Reading and Writing: An Interdisciplinary Journal 14: 487–513, 2001.
© 2001 Kluwer Academic Publishers. Printed in the Netherlands.
Phonemic awareness, spontaneous writing, and reading and
spelling development from a preventive perspective
Centre for Educational Psychology, Bornholm, Denmark
Abstract. This study examined the nature of the relationship between phonemic awareness
and reading and spelling development and focused particularly on the development of early
self-directed writing. The spontaneous writing attempts of 44 ﬁrst-graders were followed on 6
test occasions from the start of grade 1 (7 years) until the middle of grade 2. The children were
divided into 2 groups, one group (N = 21) with a high level of phonemic awareness on entry
into grade 1 (HPA) and one group (N = 23) with a low level on entry (LPA). The connection
between level of invented spelling used in the self-directed writing and later reading and
spelling achievement in grades 1 and 2 was investigated. The results showed remarkable diffe-
rences between the two groups. Level of invented spelling at Time 1 was highly predictive of
both reading and spelling achievement at the end of grades 1 and 2, but only for the HPA group.
With Time of Mastery regarding phonemic spelling as the independent variable and reading
and spelling at the end of grade 2 as the dependent variable, regressions analysis indicated
strong direct effects of early phonemic spelling upon later reading and spelling development,
but only for the LPA children. The two groups showed different patterns of development in
learning to read and spell during grades 1 and 2.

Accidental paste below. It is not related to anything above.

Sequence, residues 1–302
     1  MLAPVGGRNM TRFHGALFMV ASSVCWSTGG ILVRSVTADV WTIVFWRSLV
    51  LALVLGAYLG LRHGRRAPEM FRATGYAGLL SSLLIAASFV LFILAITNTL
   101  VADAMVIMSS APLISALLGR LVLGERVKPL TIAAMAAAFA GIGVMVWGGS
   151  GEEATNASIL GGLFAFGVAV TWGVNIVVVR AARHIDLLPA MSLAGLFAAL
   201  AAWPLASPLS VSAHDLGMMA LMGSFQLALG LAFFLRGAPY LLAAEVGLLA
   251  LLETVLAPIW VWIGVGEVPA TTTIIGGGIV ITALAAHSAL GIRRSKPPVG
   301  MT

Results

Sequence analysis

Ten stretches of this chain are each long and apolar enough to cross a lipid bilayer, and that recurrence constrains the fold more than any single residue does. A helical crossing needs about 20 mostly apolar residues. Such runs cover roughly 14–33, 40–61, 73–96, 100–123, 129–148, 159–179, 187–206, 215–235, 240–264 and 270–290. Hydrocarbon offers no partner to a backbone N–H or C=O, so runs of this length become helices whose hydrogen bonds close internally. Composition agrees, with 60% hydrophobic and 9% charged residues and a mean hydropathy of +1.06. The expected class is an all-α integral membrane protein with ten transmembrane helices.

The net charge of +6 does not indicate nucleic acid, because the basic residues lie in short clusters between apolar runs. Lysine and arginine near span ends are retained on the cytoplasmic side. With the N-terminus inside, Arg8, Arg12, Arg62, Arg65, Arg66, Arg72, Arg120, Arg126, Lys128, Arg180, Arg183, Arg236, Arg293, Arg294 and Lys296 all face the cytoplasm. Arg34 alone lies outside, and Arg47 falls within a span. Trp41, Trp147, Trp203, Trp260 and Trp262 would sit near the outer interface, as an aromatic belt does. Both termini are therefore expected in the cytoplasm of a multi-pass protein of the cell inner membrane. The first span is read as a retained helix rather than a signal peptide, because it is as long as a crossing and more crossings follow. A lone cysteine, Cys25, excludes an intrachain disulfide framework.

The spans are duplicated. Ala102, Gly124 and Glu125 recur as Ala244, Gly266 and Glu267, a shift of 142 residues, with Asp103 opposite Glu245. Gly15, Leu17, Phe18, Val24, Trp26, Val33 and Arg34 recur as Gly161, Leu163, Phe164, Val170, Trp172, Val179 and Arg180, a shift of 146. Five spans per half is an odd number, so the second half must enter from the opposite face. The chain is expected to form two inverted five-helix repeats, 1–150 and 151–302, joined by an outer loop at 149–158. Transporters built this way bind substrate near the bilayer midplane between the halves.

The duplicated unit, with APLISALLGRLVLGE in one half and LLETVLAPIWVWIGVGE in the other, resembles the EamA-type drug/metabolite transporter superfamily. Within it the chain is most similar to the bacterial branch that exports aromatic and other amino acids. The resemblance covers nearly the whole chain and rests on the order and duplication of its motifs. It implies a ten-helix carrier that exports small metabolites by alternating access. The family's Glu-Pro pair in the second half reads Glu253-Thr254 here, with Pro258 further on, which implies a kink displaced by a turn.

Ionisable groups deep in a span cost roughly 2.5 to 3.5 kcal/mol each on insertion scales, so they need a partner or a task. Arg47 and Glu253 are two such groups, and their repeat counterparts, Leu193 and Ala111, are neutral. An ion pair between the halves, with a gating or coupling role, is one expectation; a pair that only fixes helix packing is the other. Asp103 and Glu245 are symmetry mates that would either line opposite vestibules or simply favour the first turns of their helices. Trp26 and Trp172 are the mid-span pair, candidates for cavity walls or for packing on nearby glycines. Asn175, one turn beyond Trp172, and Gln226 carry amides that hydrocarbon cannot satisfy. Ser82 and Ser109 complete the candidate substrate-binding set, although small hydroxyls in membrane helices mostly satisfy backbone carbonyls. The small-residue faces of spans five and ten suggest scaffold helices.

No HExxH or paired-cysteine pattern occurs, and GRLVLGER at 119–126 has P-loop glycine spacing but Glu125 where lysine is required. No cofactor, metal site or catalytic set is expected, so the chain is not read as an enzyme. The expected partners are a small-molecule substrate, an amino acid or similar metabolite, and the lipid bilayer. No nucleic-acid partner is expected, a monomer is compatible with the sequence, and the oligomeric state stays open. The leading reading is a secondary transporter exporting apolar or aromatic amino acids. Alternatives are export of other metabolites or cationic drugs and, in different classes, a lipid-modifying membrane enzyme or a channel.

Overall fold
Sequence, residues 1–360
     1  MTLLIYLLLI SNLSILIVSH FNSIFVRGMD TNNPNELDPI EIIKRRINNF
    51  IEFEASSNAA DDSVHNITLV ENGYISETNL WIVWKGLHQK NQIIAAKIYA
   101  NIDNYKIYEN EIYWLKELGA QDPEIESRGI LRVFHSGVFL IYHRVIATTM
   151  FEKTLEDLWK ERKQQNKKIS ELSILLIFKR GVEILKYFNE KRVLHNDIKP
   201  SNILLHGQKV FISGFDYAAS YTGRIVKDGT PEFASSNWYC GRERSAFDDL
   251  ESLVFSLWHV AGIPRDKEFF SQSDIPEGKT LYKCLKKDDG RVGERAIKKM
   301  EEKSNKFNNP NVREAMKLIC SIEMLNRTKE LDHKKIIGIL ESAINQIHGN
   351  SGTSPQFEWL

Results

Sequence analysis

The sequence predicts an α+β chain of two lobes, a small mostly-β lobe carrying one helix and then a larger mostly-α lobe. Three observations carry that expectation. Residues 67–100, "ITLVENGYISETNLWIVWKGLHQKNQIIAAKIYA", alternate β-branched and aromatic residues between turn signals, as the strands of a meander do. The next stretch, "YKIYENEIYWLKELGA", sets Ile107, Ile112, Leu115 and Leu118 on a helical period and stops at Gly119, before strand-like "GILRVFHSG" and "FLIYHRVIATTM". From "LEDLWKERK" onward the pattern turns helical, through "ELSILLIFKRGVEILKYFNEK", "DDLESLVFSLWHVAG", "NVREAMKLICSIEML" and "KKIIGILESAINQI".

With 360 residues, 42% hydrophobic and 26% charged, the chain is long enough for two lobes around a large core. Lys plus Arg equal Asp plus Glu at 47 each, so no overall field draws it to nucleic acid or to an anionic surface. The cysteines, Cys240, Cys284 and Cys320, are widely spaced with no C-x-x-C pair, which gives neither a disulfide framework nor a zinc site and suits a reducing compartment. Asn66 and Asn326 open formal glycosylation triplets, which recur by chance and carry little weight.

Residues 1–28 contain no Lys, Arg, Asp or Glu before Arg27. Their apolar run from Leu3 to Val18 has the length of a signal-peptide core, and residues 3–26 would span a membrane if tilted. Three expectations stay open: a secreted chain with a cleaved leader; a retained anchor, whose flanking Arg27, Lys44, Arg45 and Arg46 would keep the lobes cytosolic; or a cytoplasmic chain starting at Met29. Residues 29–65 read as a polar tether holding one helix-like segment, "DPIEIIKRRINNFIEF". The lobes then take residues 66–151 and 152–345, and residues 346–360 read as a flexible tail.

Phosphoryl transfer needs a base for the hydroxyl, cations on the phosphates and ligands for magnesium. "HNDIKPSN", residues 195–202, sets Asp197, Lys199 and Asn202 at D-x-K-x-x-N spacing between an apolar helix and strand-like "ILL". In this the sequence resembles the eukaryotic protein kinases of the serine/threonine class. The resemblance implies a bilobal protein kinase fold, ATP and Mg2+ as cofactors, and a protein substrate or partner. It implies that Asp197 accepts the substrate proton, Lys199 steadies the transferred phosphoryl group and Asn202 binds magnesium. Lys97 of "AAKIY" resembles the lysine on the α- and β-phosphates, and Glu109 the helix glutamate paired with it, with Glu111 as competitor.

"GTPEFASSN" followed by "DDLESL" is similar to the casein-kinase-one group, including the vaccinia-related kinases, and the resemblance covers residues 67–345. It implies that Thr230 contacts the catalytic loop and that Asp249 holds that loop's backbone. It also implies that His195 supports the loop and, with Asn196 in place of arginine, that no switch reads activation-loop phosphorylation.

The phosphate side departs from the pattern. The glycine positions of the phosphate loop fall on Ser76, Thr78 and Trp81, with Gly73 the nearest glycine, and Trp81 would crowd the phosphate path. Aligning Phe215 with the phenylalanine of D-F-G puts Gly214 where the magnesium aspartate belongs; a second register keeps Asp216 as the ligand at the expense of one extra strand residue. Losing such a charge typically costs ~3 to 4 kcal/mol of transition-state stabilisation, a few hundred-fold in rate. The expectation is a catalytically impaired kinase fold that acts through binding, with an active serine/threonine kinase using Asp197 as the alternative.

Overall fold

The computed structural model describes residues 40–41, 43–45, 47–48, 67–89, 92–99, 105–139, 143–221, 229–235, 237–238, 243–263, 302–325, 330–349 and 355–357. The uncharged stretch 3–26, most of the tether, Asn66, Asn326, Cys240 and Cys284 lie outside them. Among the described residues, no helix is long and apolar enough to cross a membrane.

Keywords: Phonemic awareness, Spontaneous writing, Functional letter knowledge, Early
reading and spelling development
There seems to be different ways in which a child can establish basic word
processing strategies in early reading and spelling. One is through formal
teaching activities in the classroom. Studies have tested programs of early
reading instruction which have shown to be superior to other programs
(Cunningham 1990; Hatcher et al. 1995; Iversen & Tunmer 1993; Olson et
al. 1997; Torgesen et al. 1997). Another way is by participating in language
games before the start of formal reading instruction in grade 1 (Bradley &
Bryant 1983; Brennan & Ireson 1997; Lundberg et al. 1988; Schneider et al.
1997). A third way seems to be through self-directed writing activities prior
to school entry (Chomsky 1979; Hagtvet 1989; Read 1971).
Studies of children’s spellings in early writing attempts have shown how
competently most children can invent and produce phonologically based
spelling by their own effort (Beers & Henderson 1977; Chomsky 1979;